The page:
Legality and the Presumption against the Abrogation of Fundamental Freedoms: Control Orders Cannot Abrogate Fundamental Rights without Express Authority

Secretary of State for the Home Department v GG [2009] EWCA Civ 786 (23 July 2009) The Court of Appeal of England and Wales has considered the Home Secretary’s power to restrict a person’s liberty with a control order made under the UK Prevention of Terrorism Act 2005.  The Court held that broad powers under the relevant legislation had to be read consistently with the common law principle that fundamental rights must not be abrogated without express parliamentary authority.


The Home Secretary in the UK is the Minister responsible for matters of national security.  The Prevention of Terrorism Act 2005 confers on the Home Secretary the power to restrict a person’s liberty by a control order if that person is suspected of being involved in terrorist activities.  GG was subject to such a control order.  One of the restrictions of GG’s control order was that the Home Department could order that GG be personally searched on demand, even if GG was not suspected of having committed a criminal offence.  The Court of Appeal had to consider whether this condition of the control order was lawful under the Prevention of Terrorism Act 2005.

Section 1(3) of the Prevention of Terrorism Act 2005 provides that the Home Secretary can impose any obligations necessary under a control order, for the purpose of preventing or restricting a person’s involvement in a terrorist activity.  Section 1(4) then provides a non-exhaustive list of possible restrictions and obligations that can be included in a control order.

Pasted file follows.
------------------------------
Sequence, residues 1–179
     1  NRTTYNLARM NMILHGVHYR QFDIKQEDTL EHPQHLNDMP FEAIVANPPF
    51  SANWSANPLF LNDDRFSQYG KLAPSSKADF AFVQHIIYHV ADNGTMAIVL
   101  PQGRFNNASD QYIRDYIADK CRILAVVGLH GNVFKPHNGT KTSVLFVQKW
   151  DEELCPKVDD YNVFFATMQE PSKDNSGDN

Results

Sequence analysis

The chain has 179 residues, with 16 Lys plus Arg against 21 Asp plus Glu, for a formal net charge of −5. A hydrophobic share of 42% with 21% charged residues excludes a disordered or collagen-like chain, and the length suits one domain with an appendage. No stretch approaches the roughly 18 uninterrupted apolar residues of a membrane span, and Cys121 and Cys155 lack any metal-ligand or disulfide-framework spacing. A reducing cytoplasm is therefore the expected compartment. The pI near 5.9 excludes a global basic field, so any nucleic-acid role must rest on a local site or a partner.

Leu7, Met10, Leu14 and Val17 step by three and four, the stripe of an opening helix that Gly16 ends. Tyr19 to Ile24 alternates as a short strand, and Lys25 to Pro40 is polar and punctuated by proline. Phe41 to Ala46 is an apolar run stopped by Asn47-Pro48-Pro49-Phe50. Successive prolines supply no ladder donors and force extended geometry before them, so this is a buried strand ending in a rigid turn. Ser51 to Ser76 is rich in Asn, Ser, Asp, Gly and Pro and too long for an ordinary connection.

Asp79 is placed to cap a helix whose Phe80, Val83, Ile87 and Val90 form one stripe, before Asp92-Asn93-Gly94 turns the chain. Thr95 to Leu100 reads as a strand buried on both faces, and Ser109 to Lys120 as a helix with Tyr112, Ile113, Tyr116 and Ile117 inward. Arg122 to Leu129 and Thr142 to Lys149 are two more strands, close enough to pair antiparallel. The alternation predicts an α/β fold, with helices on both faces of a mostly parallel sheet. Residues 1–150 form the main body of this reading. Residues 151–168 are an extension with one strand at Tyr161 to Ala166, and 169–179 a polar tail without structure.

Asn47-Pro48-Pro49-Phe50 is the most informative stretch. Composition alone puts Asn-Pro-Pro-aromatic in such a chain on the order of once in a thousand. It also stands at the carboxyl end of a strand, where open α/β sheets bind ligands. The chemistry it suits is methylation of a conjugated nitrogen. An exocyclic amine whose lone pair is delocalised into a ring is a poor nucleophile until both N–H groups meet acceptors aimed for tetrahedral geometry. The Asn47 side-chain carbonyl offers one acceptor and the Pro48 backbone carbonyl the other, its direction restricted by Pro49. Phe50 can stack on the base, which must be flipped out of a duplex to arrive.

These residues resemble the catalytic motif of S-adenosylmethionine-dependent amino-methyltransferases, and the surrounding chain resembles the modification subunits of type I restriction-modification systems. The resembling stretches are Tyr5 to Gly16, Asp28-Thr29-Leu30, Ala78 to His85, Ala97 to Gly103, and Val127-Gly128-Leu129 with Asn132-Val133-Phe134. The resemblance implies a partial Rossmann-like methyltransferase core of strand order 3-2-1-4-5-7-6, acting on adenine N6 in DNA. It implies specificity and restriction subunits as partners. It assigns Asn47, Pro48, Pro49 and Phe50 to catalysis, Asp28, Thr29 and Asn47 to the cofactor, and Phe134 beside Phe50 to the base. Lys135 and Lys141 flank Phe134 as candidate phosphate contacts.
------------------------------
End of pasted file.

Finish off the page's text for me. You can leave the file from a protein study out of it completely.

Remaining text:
The Act does not expressly provide that the Home Secretary can impose a restriction to make person subject to personal searches.  Counsel of the Home Secretary argued that that language of s 1(3) is clear and unqualified and that it means what it says.  He submitted that it was wide enough to permit the inclusion of any obligation, even one which deprives a person of his fundamental rights.

The Court was required to decide whether the broad power to impose conditions as part of a control order permitted the Home Secretary to order that GG be subject to personal searches on demand.


The Court of Appeal unanimously held that the condition that GG could be searched by an order of the Home Department was invalid.  Lord Justice Sedley and Lord Justice Dyson (in separate judgements), with Lord Justice Wilson concurring, held that, despite the breadth of the statutory power, s 1(3) of the Prevention of Terrorism Act 2005 did not either expressly or impliedly confer on the Home Secretary the power to impose an obligation for a person to submit to a personal search.  Without express and explicit parliamentary authority, the executive could not abrogate a person’s fundamental common law rights of personal security and personal liberty by allowing searches of that individual’s clothing or person.

Sedley LJ explained that the absence of reference to personal searches from the list of specific obligations is as consistent with deliberate omission as with accidental omission.  His Honour held that even if it were an oversight by the Parliament, it is not the role of the courts, in a matter affecting fundamental liberties, to provide what Parliament might have inserted.  Dyson LJ followed similar reasoning in his judgment, noting that there was nothing in the legislation to indicate that Parliament thought about personal searches and, therefore, that the full implications of the unqualified meaning of s 1(3) argued for by counsel for the Home Secretary was noticed during the democratic process.

Relevance to the Victorian Charter

Section 21 of the Victorian Charter provides that a person has the right to liberty and security.  The specific provisions of s 21 of the Victorian Charter include the right not to be deprived of liberty except on grounds, and in accordance with procedures, established by law. 

This case reinforces the principle that restrictions on a person’s liberty which touch on fundamental rights and freedoms must be expressly and explicitly authorised by legislation if they are to be valid under s 21 of the Victorian Charter and under common law principles.

The decision is available at

Juan Munoz, Human Rights Law Group, Mallesons Stephen Jaques